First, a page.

A messy and close federal election result following a week of Brexit worries has seen long dated bond yields fall despite yields continuing to fall to record low levels and despite warnings from the major ratings agencies that a lack of budget repair is risking Australia’s AAA rating. Australian 3 year bonds were flat (closing at 1.46% for the week) but 10 year bonds fell 7bps to 1.89% and 20 year bonds fell 12bps to 2.39%.
In a broader sense Australian yields typically follow US yields and US yields have been falling even as even as the latest US employment figures for June came in stronger than expected, a piece of news which would normally lead to higher US rates. The word “bubble” is starting to appear more often in the press in regards to bond markets. It is perhaps understandable given the seemingly unstoppable global march of yields towards zero (and beyond in the case of Europe and Japan) but it does indicate a degree of unease about the state of benchmark bond yields and the effects of central banks’ bond purchase programmes.
The central bank actions are intended to keep yields low as a way to stimulate investment and consumption in Europe, Japan and the US. The programmes have been successful in producing record low bond yields; the US 10 year yield is now 1.36%, the UK’s comparable yield is 0.73% and yields are close to or below zero in France (0.11%) , Germany (-0.19%) and Japan (-0.29%). Where these programmes have not been successful is in terms of spending and new investment. The lack of a rise in these two parts of the economy is put forward by various central bank officials as the reason for extending the programmes.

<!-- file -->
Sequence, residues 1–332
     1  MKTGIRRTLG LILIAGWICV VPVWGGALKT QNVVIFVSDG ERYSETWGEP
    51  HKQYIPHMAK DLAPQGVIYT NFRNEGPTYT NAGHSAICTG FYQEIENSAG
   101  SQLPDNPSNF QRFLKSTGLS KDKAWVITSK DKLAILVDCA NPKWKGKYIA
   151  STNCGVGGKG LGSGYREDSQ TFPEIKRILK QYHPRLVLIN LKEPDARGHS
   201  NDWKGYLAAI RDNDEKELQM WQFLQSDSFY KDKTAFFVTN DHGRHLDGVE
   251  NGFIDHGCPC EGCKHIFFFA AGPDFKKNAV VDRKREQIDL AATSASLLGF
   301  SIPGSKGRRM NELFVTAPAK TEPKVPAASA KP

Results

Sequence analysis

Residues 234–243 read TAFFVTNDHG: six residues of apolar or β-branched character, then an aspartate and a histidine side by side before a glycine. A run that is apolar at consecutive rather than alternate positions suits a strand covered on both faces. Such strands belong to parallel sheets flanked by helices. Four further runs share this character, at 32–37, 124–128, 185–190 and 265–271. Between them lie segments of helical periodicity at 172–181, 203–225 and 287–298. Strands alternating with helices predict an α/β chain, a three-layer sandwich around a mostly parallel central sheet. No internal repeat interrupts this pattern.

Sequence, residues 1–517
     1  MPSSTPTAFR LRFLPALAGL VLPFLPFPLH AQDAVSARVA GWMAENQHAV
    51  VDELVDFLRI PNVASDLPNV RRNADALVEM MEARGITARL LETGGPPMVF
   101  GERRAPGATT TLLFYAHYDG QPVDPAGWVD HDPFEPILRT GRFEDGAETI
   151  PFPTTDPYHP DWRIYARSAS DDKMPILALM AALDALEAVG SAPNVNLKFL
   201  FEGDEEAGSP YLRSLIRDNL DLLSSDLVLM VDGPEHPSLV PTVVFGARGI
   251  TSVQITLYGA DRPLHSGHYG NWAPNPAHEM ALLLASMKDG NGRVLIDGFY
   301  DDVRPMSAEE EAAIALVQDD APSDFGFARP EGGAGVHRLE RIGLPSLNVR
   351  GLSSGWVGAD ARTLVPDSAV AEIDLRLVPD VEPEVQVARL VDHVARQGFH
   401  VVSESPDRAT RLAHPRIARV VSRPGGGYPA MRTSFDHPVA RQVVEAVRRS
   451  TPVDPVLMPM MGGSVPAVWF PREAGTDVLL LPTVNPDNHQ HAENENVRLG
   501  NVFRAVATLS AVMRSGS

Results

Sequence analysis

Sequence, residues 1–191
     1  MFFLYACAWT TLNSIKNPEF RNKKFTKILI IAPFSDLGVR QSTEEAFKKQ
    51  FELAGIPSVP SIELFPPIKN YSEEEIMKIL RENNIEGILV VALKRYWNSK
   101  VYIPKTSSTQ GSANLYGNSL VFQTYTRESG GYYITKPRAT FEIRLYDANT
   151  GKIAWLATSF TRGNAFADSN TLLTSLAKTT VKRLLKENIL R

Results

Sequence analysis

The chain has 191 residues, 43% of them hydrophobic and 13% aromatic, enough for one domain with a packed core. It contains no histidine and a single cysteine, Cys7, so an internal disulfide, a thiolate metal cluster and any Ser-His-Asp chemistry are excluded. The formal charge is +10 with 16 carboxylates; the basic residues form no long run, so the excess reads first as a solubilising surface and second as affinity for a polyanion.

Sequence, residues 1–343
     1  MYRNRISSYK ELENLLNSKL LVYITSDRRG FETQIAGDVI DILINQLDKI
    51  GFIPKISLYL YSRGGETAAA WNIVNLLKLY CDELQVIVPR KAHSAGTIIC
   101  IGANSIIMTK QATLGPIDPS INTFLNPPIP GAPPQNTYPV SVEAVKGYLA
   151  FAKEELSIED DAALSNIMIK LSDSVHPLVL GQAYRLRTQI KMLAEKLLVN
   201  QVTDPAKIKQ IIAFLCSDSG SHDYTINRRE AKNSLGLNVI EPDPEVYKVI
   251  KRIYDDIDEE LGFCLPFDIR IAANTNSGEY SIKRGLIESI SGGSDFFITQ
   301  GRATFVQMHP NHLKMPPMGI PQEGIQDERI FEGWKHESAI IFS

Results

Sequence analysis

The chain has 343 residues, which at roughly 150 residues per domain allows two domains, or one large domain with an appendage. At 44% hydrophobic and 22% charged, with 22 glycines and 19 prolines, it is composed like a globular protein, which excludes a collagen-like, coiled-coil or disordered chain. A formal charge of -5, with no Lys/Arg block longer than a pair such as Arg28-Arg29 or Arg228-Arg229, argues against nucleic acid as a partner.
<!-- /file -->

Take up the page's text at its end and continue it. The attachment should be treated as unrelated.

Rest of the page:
Negative yields in Europe and Japan are driving investors to other markets where there is still a positive yield, such as the UK, the US and Australia.
This week the AOFM issued $1.9 billion of bonds and $500 million of Treasury notes. The bonds were split between $400 million June 2035s, $700 million May 2028s and $800 million November 2028s with coverage ratios of 2.33758, 2.5357 and 3.0250 respectively.
AUST GOVT BONDS
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